Two car bombs exploded in Quito, capital of Ecuador, between the night of this Wednesday (30) and the morning of this Thursday (31). According to the Ecuadorian Police, the actions are attacks that targeted the former building of the National Service for Comprehensive Attention to Persons Deprived of Liberty (SNAI), the institution responsible for the country’s prisons.
According to the Police’s anti-drug investigation director, Pablo Ramírez, the attacks occurred in response to a prisoner transfer carried out this Wednesday. The attack left no deaths or injuries.
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Ecuador is experiencing a wave of violence amid the presidential electoral process, which reached its peak following the shooting murder of presidential candidate Fernando Villavencio on August 9.
This Thursday morning, Ecuador’s Minister of Security, Wagner Bravo, said that the attacks “want to frighten the State to prevent us from continuing to fulfill the role of the Armed Forces and Police to control penitentiary centers.”
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According to the Police, six people were arrested due to the attacks of the last few hours. They would have criminal records involving theft, extortion and murder.
The attacks occurred shortly after a police and military operation in Latacunga prison, located about 70 km from the capital Quito, under the justification of seizing illegal weapons inside the detention center. The action would have triggered riots in two other prisons, in the Andean regions of Cuenca and Azogues.
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According to the local press, the three prison centers were controlled by the criminal group Los Lobos, a faction that claimed responsibility for the attack that killed presidential candidate Fernando Villavencio.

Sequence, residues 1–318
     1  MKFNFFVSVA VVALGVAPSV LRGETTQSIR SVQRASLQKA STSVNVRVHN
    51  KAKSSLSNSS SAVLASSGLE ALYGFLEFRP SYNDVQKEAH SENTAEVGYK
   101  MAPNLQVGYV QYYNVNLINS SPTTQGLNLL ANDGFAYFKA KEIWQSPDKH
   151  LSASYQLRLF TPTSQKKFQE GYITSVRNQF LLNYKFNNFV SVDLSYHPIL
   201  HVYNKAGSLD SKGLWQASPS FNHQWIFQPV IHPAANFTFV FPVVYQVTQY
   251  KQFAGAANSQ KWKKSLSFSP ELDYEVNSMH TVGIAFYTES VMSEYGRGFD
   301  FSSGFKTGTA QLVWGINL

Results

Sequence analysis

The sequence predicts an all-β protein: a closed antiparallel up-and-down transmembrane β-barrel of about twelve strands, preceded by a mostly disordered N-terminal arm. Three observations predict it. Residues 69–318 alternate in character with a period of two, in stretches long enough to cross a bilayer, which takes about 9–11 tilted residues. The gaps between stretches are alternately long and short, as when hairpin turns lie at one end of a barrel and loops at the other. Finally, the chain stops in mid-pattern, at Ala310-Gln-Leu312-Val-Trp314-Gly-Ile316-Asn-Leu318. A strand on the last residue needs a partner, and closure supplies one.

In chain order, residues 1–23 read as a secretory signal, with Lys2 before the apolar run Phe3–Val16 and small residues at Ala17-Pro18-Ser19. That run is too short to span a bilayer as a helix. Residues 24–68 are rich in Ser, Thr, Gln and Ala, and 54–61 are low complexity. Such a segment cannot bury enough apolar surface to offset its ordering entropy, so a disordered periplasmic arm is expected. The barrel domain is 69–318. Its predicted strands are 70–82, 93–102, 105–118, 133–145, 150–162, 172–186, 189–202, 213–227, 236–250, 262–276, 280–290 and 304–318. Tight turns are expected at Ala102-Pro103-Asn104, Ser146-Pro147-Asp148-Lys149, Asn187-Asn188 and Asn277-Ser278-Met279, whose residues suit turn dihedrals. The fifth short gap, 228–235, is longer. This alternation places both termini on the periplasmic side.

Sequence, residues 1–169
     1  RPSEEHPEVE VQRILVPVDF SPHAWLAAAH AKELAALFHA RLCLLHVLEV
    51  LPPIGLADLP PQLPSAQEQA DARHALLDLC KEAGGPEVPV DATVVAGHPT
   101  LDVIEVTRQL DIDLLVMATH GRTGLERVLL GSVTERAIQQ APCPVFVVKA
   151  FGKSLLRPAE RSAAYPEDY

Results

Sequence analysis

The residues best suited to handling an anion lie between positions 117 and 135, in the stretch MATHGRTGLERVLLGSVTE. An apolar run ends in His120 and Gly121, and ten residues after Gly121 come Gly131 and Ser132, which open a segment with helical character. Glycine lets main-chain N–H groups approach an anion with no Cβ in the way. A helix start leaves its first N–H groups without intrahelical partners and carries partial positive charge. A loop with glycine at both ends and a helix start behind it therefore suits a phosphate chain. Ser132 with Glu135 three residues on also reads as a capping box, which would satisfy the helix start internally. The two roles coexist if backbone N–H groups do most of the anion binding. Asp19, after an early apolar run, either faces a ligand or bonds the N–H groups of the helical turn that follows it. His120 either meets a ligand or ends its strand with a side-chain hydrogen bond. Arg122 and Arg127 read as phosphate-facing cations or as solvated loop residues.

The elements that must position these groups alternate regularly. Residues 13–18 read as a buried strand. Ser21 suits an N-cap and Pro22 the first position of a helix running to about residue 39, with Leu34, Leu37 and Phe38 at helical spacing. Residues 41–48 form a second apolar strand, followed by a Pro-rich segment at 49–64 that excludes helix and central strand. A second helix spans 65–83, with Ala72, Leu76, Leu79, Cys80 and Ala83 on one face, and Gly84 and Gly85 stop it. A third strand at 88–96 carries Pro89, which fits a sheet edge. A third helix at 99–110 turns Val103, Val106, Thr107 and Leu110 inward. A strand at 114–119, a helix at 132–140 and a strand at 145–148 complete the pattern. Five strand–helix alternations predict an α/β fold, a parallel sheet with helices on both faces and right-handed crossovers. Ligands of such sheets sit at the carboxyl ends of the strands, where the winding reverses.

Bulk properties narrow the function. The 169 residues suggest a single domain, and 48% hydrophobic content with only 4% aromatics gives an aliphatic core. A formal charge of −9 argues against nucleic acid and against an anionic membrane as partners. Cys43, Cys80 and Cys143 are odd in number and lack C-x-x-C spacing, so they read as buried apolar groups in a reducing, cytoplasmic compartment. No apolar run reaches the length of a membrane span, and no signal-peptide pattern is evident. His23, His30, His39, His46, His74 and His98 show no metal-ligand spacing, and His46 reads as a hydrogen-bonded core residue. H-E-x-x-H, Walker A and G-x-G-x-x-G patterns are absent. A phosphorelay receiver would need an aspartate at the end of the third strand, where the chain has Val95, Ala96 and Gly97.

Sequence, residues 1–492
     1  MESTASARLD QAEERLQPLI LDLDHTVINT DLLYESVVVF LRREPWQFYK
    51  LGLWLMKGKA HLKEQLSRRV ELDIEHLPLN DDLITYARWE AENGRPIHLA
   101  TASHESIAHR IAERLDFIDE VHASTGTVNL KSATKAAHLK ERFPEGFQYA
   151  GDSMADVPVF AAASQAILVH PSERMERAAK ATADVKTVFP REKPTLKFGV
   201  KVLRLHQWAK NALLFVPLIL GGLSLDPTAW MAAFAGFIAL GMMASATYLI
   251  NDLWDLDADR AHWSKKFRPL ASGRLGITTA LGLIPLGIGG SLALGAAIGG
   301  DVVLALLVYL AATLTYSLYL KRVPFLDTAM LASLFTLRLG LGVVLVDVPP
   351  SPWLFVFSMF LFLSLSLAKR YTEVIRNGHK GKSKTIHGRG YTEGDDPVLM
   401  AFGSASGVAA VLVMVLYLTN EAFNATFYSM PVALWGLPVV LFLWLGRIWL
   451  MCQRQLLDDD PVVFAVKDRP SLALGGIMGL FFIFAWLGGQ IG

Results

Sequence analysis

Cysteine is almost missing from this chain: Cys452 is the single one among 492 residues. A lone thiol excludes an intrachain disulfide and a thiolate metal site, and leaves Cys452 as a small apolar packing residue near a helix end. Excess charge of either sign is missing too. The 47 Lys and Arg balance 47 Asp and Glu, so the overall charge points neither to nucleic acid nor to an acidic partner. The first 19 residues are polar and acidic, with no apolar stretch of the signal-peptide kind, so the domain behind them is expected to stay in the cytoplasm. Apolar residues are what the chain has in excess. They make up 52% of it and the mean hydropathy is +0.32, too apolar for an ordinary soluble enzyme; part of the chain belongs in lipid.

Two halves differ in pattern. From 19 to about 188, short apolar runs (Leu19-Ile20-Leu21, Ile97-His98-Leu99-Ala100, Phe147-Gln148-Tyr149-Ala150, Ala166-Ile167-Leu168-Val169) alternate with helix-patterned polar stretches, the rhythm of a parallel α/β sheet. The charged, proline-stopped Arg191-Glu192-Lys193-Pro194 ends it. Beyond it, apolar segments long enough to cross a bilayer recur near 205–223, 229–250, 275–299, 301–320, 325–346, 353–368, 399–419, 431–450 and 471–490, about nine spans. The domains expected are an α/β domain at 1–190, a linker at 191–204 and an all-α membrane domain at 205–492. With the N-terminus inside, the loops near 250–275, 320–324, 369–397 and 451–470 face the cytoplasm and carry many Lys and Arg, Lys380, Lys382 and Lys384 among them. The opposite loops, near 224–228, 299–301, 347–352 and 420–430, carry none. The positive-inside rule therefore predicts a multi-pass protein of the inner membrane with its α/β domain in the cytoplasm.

Violence and elections
The wave of violence that hit the country during the electoral campaign in Ecuador continues before the 2nd presidential round, which should take place on October 15th.
Five days after Villavencio’s death, political leader Pedro Briones, of the Citizen Revolution party, was shot dead. The attack was confirmed by the presidential candidate of the same party, Luisa González, who classified the wave of violence as “a bloody era”.
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González, who will face businessman Daniel Noboa in the 2nd round, could become the first female president of Ecuador and mark the return of progressivism to the country. In recent years, the governments of former President Lenín Moreno and current President Guillermo Lasso brought right-wing policies to the country.
It was during these mandates that the country saw the growth of drug trafficking groups and, consequently, an increase in levels of violence.
Editing: Patrícia de Matos